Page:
And finally, after being lead astray by Google maps and put on track by a guy in the petrol station we found it, up off the main road and undergoing renovation.

IMG_5171We had heard this, that The Mount had been bought a local businessman for nearly a million pounds in 2021 (a bargain, I'd say, it's huge) and he was restoring it to its former Georgian glory.

So we arrived and walked to the impressive front only to be told by a kindly woman that it was private property. She let us take photos when I explained where we were from – I didn't mention failing science at uni – and that was it.

We had skirmished with the great Charles Darwin and had at least seen what we came to see, albeit briefly.

I don't mind.

Now that I know where it is we can go back when it opens in late 2023.

Maybe after a beard-trim at Darwin's Barbers and picking up something at the Darwin's Sandwich Evolution in town, perhaps?



Share It

Your Comments

Rik Roper - May 7, 2022

Do you remember the names of any of your chemistry lecturers/professors, or is it too traumatic?! There's a good chance my dad was one of them...but that doesn't mean I have the first clue about chemistry either!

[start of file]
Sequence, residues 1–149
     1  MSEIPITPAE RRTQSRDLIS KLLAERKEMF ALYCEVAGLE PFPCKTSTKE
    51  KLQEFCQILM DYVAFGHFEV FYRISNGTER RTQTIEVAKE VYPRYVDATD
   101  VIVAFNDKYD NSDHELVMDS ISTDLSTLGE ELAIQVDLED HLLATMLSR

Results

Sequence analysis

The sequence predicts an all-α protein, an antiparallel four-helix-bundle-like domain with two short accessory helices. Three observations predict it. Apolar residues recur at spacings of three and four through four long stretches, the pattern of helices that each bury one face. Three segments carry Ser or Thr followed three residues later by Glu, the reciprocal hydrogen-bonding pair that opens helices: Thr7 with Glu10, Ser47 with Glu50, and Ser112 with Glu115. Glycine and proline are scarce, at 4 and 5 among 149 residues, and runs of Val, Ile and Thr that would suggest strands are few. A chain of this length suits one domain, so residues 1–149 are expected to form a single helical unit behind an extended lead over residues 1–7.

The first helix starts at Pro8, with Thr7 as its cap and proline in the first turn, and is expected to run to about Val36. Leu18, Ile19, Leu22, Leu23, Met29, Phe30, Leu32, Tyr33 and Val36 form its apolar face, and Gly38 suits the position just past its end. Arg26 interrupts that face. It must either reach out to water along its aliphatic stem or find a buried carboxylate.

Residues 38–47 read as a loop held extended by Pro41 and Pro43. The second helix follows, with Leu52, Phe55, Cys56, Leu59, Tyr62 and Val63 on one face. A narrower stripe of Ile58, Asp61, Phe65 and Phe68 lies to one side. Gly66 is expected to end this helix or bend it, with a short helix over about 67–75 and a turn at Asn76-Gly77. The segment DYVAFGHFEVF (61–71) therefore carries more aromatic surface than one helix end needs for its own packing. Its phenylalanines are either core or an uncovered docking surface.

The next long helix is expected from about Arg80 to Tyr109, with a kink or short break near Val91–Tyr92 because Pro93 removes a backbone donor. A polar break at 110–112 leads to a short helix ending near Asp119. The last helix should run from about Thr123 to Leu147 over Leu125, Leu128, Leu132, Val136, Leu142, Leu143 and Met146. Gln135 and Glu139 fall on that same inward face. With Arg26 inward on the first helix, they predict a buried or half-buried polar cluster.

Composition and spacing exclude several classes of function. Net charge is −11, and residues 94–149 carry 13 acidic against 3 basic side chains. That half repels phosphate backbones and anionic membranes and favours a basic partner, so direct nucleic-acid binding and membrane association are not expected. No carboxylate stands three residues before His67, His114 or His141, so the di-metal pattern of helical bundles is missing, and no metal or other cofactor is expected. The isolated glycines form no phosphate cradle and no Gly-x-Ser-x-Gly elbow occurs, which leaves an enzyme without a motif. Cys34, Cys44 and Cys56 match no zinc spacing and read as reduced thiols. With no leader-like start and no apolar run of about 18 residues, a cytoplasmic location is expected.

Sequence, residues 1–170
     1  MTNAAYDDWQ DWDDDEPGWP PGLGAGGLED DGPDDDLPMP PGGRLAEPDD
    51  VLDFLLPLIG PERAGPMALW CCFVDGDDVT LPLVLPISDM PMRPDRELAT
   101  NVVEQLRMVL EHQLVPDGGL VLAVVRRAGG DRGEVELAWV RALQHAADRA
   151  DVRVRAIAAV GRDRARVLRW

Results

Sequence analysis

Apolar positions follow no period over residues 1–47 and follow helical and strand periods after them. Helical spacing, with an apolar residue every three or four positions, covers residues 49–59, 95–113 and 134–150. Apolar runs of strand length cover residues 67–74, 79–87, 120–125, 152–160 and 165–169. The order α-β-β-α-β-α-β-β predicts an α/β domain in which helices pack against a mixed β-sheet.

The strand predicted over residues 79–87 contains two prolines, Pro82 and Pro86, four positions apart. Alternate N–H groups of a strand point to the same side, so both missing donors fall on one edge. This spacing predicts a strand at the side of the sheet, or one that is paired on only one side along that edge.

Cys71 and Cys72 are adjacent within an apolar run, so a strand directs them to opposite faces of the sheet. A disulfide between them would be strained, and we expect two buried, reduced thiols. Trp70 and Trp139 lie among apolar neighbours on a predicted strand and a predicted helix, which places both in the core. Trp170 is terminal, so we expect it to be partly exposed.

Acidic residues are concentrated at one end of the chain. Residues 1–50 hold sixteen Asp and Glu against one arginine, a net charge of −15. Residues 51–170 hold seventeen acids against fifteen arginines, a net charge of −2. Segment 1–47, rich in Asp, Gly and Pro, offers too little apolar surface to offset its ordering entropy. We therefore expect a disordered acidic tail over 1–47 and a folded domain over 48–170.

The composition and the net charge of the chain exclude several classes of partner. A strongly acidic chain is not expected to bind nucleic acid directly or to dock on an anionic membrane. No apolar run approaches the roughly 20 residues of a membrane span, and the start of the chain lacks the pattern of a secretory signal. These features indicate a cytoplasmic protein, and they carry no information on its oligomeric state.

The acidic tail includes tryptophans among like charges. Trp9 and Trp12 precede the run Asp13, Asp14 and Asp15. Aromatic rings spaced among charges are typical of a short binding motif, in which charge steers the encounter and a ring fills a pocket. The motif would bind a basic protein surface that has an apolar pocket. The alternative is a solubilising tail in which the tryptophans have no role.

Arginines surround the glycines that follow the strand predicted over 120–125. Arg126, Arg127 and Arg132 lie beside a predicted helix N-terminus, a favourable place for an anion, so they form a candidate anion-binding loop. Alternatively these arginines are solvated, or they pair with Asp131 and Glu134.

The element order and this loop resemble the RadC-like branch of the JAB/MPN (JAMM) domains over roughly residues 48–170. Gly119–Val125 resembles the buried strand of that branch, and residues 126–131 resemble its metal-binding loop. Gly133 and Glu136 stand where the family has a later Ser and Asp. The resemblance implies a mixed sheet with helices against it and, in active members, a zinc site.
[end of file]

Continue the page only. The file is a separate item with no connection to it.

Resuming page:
post a comment

More from this section   Travels in Elsewhere articles index

Maharashtra state, India: The Taj Mahal that isn't

Maharashtra state, India: The Taj Mahal that isn't

Among the many thousands of photos taken of the late Princess Diana a few stand out, mostly for the weight of emotional meaning imposed on them. One of the most notable... > Read more

TRAVELS IN THE TIME OF COVID #10 (2022): Hubris, arrogance and autocrats

TRAVELS IN THE TIME OF COVID #10 (2022): Hubris, arrogance and autocrats

There are few places quite as dispiriting as the broad moor outside Inverness which takes its name from the nearby Scottish village: Culloden. Here in 1746 the short-lived Jacobite rebellion... > Read more

Elsewhere at Elsewhere

RUPERT THE BEAR AT 100 (2020): Happy birthday little man

RUPERT THE BEAR AT 100 (2020): Happy birthday little man

On Sunday, November 8 2020, Rupert the Bear turns 100. To commemorate the occasion Paul McCartney is reissuing the animated film Rupert and the Frog Song in which he voiced Rupert. Produced... > Read more



"When God hands you a gift, he also hands you a whip; and the whip is intended solely for self-flagellation"   -- Truman Capote Popular culture has never been short of cult... > Read more